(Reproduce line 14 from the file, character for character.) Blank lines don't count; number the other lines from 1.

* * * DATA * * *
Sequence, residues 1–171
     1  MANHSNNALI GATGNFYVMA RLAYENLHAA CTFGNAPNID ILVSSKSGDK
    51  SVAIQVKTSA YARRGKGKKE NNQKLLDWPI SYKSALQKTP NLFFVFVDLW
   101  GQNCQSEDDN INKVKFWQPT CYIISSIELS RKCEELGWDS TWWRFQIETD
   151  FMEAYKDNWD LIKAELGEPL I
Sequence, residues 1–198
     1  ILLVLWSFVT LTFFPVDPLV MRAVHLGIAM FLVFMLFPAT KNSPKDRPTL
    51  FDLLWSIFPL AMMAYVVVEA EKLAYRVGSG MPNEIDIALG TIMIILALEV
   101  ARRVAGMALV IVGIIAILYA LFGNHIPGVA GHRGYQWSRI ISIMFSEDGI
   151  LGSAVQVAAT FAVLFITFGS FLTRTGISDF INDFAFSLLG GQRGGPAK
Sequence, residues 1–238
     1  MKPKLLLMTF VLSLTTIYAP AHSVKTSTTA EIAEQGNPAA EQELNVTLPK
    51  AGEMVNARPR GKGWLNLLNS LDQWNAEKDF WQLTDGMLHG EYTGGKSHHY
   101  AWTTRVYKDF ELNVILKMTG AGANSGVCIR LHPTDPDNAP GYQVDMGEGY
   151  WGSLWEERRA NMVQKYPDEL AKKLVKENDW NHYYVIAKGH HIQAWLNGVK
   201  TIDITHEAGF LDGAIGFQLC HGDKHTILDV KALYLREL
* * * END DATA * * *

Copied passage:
   101  AWTTRVYKDF ELNVILKMTG AGANSGVCIR LHPTDPDNAP GYQVDMGEGY